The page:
Real Estate Correction: Why a 20-30% Drop Could Happen

A substantial correction of up to 30% could come to the housing market due to inflation and interest rate hikes, but you might have other opportunities to invest in real estate.

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Investing in real estate has lost its charm in recent months. Housing prices across the country were on a stellar run for the better part of a decade. Canadians who owned homes as investment properties before prices soared saw their wealth grow significantly due to rising home prices. However, many Canadians could no longer afford houses due to insanely high prices.

Activity in the Canadian housing market has slowed of late and caused a decline in home prices. The Canadian Real Estate Association (CREA) reported a 12.6% drop in home sales month over month in April.

Housing markets sharply cooled down in many parts of the country in the last few months. The development came largely due to interest rate hikes introduced by the Bank of Canada (BoC) to cool down inflation rates.

The record inflation rates and multiple interest rate hikes could lead to a downward correction in the housing market by as much as 30% by 2023.

What is happening?

Royal Bank of Canada (TSX:RBC), Canada’s largest financial institution by market capitalization, has been bullish on the Canadian economy’s outlook. However, the bank’s regulatory filings have revealed that it anticipates a decline in home prices by next year if its downside scenario plays out.

Home prices could decline by 20-30% to roll back all the enormous gains the market experienced during the pandemic. The bank primarily has three scenarios: a base-case scenario, a worst-case scenario, and a best-case scenario. The base-case scenario could see home prices drop by 3.6% by the end of the year but bounce back at a CAGR of 4.3% by 2027.

The best-case scenario by the bank anticipates a 10.9% increase in home prices by April 2023 and growth at a CAGR of 9.5% for the next four years — it would essentially be a strong run for the housing markets, like in the last five years.

However, the worst-case scenario is a significant concern. The bank predicts that home prices could be a major contraction, similar to what happened during the 90s. Benchmark home prices could decline by up to 30% if the worst-case scenario plays out.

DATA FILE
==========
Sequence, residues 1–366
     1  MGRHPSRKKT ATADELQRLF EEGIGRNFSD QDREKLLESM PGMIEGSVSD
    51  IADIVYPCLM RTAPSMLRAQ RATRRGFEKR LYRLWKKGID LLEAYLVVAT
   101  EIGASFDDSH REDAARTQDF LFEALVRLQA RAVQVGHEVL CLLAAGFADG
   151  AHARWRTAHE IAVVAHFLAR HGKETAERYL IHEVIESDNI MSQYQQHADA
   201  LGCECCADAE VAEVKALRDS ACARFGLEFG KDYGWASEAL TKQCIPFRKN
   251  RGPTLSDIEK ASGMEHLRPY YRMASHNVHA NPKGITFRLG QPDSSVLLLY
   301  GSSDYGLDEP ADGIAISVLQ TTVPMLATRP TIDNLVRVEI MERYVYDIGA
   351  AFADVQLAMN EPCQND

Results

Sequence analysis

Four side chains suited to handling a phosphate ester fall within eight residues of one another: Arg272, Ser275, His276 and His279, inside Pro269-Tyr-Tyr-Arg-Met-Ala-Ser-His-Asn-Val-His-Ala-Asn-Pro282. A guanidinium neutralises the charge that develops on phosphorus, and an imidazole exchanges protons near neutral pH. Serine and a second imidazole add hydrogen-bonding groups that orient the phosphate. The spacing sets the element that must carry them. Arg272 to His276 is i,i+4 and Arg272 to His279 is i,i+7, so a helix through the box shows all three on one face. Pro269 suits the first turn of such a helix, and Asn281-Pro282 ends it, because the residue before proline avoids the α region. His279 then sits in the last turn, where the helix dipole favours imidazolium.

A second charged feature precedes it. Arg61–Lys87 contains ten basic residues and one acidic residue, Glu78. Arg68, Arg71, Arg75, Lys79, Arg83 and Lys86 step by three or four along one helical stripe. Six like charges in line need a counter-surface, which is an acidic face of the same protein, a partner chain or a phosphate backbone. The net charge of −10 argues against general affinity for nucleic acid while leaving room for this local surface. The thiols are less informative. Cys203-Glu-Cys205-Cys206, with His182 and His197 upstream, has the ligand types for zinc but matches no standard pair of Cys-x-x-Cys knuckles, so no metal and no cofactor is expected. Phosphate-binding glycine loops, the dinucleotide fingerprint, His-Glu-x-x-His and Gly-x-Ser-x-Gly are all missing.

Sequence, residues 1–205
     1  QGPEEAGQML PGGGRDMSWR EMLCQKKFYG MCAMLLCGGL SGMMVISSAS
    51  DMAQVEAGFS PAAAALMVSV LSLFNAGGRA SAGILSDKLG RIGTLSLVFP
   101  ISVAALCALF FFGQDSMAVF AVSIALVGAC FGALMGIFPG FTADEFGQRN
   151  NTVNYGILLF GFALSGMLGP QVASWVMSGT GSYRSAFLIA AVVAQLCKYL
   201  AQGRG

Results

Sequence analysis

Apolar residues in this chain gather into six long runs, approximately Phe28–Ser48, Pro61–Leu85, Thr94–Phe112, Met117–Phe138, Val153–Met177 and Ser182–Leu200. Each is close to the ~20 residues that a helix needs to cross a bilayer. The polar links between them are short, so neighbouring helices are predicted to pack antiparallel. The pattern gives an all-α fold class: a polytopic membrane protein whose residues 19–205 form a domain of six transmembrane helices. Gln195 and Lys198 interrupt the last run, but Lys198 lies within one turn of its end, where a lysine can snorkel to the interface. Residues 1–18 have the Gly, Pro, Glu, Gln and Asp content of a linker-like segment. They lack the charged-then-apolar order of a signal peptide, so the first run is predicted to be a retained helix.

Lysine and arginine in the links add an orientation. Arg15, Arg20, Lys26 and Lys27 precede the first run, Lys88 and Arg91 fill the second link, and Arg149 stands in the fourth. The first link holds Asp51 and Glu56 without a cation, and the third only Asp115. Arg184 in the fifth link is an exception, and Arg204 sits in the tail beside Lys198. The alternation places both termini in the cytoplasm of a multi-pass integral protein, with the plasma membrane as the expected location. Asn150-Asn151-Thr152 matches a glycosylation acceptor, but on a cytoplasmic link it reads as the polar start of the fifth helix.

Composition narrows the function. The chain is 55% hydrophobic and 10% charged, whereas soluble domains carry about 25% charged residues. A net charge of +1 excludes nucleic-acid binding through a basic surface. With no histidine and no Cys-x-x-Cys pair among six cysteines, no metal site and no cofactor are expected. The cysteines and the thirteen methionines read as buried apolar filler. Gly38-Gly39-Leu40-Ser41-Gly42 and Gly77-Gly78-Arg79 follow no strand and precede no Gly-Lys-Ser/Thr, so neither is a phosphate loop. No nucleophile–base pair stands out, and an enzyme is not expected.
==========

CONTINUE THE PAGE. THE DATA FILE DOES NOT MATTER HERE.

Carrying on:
Is it safe to invest in real estate right now?

RBC has presented downside scenarios regarding the real estate market, but they have not played out in recent years. The difference this time is the bank’s emphasis on the possibility of the downside. It is possible that the downside scenario might not play out, but it would be a good idea to practice caution.

Investing in real estate without tying down a substantial amount of your capital in the housing market is still possible. Consider looking at real estate investment trusts (REITs) that focus on a diversified portfolio of properties instead of relying entirely on the residential real estate market.

Choice Properties REIT (TSX:CHP.UN) could be an ideal example of such a trust. The $4.65 billion market capitalization REIT headquartered in Toronto is one of the largest residential REITs in the country. However, its portfolio primarily comprises residential units built atop grocery chains in urban centres throughout Canada.

The company invests in, manages, and develops retail and commercial properties throughout the country. Most of its portfolio consists of shopping centres anchored by supermarkets and standalone supermarkets. CHP.UN has a tenant base that can generate significant revenues for the trust, decreasing its reliance on income through its residential units.

Foolish takeaway

The volatility in the housing market could make investing in a rental property too risky for some investors. With interest rates rising, mortgages would also become too expensive in the long run. REITs offer a way to generate rental-like income without the massive cash outlay.

Choice Properties REIT trades for $14.08 per unit at writing and boasts a juicy 5.15% forward annual dividend yield. The trust pays monthly distributions, making it a viable alternative to investing in a rental property to earn monthly revenues.

This article represents the opinion of the writer, who may disagree with the “official” recommendation position of a Motley Fool premium service or advisor. We’re Motley! Questioning an investing thesis — even one of our own — helps us all think critically about investing and make decisions that help us become smarter, happier, and richer, so we sometimes publish articles that may not be in line with recommendations, rankings or other content.

Fool contributor Adam Othman has no position in any of the stocks mentioned. The Motley Fool has no position in any of the stocks mentioned.

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